Most marketing tactics have the ability for tracking—even direct mail. Everyone wants to track the success of their campaign, but unless you have a marketing department (of more than one or two people), chances are this isn’t something you put much effort into.
Tracking requires taking the time to do the work and to also know what exactly you are looking for. There is also the balance of looking at too much vs. not enough.
Tracking your campaigns can provide you with valuable information you need in order to be successful. For example, through tracking, you can monitor the messaging, graphics, and call-to-actions of all your marketing efforts—no matter what they are—and use this information to make more informed decisions moving forward.
The basic food groups to measure are:
- Email: open, click through, and shares
- Online: unique visitors, site visit duration, page bounces, conversions, and downloads
- Search: keywords, domain authority, and conversions
- Social: fans and followers, mentions and retweets, shares, and comments
- Blog: subscribers, shares, and comments
- Press: bylines, mentions, and awards
- Experiential: attendance
- Direct Mail and Advertising: CTA response
What is too much? What is too little? Our rule of thumb is to monitor your campaigns regularly. For example:
- Monthly: to keep a pulse on the traction of each individual tactic
- Quarterly: to watch for trends
- Annually: to plan for future marketing budget
On-demand changes can be made to messaging, graphics, offers, and call-to-actions. Often with search engine marketing, we perform A/B split testing to compare the results of the components of a campaign. The key is to be consistent to make any messaging or graphical changes to all marketing tactics. We recommend monthly maintenance on the website to address bounce rates of pages and leverage new keywords. Even printed materials and presentations can be modified to address any new insights.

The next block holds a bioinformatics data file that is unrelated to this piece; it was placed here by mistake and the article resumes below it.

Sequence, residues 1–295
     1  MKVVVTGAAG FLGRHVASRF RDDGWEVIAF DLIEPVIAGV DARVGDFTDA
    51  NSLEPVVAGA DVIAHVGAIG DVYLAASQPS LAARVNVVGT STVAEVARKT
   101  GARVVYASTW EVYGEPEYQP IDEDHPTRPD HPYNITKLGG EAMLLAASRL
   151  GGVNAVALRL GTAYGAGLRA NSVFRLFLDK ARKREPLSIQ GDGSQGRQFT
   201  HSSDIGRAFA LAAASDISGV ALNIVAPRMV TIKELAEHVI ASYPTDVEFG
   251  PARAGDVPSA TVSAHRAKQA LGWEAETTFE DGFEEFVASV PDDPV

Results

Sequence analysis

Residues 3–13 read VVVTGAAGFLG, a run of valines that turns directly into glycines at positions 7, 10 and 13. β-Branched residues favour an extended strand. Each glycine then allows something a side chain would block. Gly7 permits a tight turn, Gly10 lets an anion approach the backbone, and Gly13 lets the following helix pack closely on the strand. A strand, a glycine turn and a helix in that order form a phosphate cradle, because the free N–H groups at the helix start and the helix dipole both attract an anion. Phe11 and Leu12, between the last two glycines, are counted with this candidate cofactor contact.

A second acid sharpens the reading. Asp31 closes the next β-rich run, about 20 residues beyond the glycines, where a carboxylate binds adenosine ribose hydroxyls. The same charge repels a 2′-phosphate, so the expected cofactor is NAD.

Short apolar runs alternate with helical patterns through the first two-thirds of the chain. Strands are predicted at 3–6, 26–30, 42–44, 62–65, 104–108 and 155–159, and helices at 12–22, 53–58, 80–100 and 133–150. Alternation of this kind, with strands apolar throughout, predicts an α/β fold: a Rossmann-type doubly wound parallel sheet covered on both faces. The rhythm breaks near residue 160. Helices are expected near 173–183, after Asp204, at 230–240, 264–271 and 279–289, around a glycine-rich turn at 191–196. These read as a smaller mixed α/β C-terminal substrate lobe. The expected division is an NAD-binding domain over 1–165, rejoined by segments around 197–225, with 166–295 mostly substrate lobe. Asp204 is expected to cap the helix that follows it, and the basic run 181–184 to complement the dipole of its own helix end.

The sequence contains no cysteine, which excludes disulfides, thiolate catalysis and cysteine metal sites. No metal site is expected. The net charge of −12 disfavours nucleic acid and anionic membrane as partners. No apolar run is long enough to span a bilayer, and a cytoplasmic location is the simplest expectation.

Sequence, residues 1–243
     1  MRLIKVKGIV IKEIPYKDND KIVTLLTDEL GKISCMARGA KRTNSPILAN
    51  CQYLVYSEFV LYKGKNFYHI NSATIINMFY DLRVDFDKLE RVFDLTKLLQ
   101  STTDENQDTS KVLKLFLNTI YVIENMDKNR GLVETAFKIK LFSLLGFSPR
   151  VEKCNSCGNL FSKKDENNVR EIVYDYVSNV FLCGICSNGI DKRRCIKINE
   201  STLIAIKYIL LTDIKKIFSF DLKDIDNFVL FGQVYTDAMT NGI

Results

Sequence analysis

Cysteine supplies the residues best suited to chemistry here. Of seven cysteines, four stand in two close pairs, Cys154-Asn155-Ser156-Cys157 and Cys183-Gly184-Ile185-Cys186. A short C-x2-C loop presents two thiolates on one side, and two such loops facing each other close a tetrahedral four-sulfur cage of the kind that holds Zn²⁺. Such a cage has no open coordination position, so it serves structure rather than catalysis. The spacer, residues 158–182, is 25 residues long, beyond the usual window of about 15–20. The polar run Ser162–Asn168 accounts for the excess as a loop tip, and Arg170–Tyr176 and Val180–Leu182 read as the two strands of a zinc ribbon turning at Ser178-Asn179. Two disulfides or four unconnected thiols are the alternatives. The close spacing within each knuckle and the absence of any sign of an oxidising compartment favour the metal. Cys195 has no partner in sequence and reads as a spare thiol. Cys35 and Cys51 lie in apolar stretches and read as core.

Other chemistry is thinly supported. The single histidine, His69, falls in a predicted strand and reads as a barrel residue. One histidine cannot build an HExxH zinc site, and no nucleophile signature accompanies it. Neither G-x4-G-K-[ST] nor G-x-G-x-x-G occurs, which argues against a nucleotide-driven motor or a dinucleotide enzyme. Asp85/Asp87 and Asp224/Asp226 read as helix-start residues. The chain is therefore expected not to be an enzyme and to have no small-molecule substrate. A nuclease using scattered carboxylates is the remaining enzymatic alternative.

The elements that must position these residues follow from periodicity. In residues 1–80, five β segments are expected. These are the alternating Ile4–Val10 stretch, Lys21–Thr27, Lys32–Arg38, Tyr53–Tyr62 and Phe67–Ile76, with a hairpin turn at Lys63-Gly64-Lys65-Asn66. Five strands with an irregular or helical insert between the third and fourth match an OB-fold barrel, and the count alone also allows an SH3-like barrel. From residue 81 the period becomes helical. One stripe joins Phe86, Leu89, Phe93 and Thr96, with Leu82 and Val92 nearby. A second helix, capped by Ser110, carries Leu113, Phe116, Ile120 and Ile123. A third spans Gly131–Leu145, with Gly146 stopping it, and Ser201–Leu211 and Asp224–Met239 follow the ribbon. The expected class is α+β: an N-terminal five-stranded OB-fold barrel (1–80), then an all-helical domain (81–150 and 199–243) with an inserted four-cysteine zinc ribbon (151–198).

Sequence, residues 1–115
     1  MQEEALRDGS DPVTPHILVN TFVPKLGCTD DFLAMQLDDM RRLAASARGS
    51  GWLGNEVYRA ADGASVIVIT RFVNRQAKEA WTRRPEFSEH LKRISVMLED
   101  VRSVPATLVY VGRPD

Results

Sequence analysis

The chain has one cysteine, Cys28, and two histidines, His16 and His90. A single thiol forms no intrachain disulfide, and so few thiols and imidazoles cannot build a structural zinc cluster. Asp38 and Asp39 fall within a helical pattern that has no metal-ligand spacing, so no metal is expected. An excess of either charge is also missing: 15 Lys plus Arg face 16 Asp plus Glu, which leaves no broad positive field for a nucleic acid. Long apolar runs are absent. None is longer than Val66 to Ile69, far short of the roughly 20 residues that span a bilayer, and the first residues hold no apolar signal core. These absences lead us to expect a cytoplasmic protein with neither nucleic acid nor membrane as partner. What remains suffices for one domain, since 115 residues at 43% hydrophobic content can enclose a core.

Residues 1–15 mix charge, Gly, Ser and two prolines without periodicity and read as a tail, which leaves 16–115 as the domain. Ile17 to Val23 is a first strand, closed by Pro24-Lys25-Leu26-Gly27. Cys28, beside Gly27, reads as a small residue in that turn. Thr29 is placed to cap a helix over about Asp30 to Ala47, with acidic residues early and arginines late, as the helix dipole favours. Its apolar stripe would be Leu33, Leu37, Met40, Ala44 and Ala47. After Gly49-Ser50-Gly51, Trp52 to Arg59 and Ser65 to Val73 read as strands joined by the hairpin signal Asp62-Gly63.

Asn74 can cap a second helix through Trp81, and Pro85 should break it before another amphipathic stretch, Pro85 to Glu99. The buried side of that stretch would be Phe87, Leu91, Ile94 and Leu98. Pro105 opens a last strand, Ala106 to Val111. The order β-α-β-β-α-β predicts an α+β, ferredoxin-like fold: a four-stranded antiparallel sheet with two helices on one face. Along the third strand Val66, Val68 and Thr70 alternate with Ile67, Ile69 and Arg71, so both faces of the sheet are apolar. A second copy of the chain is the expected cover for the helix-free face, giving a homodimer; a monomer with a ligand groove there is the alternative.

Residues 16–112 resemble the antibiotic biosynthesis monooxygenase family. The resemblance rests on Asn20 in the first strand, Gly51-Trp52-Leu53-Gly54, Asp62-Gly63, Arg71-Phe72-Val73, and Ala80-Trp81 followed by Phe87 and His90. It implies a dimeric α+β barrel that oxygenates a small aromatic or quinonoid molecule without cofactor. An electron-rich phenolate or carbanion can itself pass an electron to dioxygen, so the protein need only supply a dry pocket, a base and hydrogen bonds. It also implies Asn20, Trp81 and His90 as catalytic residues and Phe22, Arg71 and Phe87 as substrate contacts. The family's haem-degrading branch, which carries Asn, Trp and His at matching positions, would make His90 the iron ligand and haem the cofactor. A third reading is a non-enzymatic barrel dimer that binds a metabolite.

A perfect example of how decision-making affects budget decisions involves our client Elk Grove Village. When presenting to the board, we shared a dashboard, much like the one above. If there had been any question to the validity of their newly launched B2B communications portal EGVbizhub.com, there isn’t now. With nearly 7-minute page views on the website, over 1000 attendees to their Made in Elk Grove Manufacturing Expo, incredible email open rates, and an overall increase in fans and followers, their budget was an educated decision.
Everyone wants to see the needle move forward. Social is about brand awareness, and your website should be serving as an outside sales rep bringing inbound leads. The increase of engagement justifies a return on your marketing investment. It helps you understand who is looking and what are they looking at. In the end, marketing can bring you leads, but it is up to you to convert it into a sale.
Please share with us what tools you have used or what metrics you track. We welcome the conversation.